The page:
The Space Reviewin association with SpaceNews

Lunar base illustration illustration
Perhaps a new word is needed to best communicate the idea of living and working beyond the Earth. (credit: NASA)

A new word for a big idea

In 2003, Paul Geisert and Mynga Futrell introduced a new noun, bright: “a person whose worldview is naturalistic—free of supernatural and mystical elements”. The noun is designed to unite and give a positive connotation to people who do not have religious or spiritual beliefs. Bright’s outcome is yet to be determined. However, it started a discussion on the prominence and status of the non-religious community in the world.

It will be useful for a similar discussion on the political movement for humans to live beyond Earth, and a new word is a good start. To date, “space colonization” is the most common term, but it does not convey the political aspect. Politics is important, at least for government funding for space, since every dollar spent on space is one that cannot be used for other areas. Space colonization is also ambiguous since it may refer to the vacuum of space only (i.e. not planetary), or all types of colonization beyond Earth.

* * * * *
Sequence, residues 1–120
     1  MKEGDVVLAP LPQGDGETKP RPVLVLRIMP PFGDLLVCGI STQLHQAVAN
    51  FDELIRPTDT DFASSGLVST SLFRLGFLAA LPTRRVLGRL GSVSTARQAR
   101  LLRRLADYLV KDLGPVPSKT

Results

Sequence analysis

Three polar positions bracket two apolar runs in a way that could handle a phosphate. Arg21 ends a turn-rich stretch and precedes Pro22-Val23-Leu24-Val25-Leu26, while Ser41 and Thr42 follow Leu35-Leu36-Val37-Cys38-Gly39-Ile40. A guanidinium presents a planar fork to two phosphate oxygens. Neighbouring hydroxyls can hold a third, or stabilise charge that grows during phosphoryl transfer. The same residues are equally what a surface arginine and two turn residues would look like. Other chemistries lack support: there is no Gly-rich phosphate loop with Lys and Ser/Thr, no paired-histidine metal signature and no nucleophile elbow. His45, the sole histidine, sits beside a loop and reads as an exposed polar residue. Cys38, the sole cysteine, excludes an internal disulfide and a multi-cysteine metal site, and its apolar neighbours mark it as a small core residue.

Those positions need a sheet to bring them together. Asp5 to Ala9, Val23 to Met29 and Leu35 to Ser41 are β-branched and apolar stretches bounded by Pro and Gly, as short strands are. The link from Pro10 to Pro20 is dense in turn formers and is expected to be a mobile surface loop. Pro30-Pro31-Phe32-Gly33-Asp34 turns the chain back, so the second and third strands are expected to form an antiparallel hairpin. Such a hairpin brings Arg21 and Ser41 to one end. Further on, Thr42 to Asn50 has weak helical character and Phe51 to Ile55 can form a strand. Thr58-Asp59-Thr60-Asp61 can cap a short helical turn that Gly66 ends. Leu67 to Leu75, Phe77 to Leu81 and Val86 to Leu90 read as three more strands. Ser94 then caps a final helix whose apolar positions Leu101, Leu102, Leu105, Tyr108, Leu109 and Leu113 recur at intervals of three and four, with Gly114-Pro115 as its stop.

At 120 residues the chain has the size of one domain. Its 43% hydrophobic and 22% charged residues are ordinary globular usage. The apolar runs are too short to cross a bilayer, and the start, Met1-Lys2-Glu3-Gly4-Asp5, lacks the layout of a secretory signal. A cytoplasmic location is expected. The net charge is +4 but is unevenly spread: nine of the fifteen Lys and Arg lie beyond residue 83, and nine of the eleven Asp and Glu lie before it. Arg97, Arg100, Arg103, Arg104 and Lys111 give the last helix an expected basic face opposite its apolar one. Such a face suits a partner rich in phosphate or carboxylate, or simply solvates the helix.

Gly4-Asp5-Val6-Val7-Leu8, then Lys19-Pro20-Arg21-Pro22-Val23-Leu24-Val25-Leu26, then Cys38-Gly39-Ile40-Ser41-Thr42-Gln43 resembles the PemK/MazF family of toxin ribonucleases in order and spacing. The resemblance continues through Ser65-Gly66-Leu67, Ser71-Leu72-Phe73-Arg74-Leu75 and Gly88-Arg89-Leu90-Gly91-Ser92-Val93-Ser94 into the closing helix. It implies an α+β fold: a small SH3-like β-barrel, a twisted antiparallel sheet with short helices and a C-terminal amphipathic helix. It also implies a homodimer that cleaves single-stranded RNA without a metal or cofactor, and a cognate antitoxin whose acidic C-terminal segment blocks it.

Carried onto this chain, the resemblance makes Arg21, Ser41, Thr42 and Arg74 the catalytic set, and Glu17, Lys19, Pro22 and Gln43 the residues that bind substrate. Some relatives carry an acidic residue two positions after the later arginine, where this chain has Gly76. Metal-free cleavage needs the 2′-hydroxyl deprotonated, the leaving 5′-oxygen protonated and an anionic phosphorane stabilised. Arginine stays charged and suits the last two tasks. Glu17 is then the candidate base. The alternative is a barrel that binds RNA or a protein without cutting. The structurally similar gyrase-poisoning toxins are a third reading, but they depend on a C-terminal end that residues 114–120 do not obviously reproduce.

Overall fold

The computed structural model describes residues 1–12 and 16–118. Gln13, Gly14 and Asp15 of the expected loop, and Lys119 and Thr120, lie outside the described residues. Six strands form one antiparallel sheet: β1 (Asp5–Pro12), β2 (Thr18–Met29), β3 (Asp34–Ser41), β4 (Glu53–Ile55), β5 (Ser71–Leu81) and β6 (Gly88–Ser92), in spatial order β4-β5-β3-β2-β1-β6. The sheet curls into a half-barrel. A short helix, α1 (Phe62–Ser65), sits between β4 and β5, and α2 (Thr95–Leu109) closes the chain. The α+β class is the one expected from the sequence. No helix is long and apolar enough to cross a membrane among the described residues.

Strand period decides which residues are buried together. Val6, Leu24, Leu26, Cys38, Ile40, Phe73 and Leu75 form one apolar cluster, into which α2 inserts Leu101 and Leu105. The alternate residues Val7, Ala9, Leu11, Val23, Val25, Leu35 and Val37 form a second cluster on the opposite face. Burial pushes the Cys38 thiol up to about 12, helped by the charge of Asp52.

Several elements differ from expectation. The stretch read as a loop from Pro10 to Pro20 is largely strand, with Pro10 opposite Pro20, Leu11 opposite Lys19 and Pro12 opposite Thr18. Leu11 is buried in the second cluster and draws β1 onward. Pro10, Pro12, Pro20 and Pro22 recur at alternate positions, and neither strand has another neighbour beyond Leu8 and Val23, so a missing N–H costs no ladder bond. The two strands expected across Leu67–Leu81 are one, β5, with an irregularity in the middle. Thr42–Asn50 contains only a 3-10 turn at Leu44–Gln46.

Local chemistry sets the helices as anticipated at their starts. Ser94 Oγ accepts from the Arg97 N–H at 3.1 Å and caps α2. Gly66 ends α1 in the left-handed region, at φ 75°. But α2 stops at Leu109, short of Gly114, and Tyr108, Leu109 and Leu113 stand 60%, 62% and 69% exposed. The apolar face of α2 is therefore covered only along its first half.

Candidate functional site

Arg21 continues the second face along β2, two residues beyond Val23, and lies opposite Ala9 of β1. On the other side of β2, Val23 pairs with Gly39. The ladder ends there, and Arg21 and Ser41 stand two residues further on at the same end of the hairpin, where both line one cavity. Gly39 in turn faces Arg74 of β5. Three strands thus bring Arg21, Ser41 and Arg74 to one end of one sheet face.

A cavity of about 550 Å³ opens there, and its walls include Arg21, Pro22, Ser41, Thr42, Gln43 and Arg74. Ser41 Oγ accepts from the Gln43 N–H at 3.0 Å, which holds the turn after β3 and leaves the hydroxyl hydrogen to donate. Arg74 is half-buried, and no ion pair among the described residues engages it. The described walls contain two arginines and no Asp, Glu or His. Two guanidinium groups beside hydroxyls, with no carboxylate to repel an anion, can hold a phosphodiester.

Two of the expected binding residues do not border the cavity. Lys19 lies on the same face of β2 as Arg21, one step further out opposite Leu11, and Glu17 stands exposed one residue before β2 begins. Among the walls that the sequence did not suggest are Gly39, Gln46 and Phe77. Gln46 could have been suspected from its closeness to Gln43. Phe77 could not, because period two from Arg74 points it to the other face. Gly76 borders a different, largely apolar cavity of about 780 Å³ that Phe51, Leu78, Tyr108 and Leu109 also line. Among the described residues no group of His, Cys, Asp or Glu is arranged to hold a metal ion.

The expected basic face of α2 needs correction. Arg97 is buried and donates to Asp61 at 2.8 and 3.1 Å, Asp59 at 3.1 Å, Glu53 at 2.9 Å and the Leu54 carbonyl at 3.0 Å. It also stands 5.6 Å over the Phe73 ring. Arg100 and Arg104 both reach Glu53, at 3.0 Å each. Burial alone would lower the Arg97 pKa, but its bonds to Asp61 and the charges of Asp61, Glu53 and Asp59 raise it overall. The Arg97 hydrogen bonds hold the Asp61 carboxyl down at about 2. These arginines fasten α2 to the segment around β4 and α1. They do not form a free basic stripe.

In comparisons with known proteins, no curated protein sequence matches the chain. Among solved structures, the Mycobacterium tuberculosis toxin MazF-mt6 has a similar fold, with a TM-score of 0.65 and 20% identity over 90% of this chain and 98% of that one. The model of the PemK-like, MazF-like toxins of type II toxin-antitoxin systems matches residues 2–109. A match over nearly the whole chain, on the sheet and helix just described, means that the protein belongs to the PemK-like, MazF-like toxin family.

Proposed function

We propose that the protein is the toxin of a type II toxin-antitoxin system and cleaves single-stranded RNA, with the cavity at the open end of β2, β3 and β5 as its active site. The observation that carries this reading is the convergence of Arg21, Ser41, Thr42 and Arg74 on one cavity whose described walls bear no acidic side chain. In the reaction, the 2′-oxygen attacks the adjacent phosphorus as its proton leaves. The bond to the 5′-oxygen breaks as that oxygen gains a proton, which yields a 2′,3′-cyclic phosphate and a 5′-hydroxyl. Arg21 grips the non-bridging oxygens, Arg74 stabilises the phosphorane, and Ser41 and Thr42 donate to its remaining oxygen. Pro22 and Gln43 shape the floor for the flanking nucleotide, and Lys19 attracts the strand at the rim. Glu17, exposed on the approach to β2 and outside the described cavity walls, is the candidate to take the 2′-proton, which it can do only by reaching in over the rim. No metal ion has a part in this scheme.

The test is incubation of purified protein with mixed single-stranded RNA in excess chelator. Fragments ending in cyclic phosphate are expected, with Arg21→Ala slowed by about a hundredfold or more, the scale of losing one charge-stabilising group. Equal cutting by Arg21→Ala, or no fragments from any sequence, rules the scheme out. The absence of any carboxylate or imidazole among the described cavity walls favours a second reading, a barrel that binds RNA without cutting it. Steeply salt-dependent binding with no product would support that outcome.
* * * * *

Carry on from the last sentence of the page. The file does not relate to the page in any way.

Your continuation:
A new word should convey three concepts: humanity, living beyond Earth, and political philosophy:

human: anthropo- (Greek prefix)
beyond Earth: expansion
political philosophy: -ism (Greek suffix)

Anthropoexpansionism is a long word—eight syllables—but only one syllable longer than environmentalism and neoconservatism. The old word “expansionism” is associated with national movements, such as American expansionism (towards the American West) and Japanese expansionism (during World War II), but anthropoexpansionism is a movement of a species.

Unlike bright, anthropoexpansionism is a formal word. When a presidential candidate like Wesley Clark makes a sound bite: “I am pro-choice, I am pro-affirmative action, I am pro-environment, pro-health”, adding “pro-space” would suffice. In other contexts, a precise definition is useful.

Anthropoexpansionism is more suited for journals of ideas, opinions, politics and public policy, not magazines of science and technology. The hope is that an academic will do for anthropoexpansionism what Irving Kristol has done for neoconservatism: build the intellectual framework.

The goal is that anthropoexpansionism will enter the public consciousness alongside other influential political philosophies such as environmentalism, capitalism and animal rights.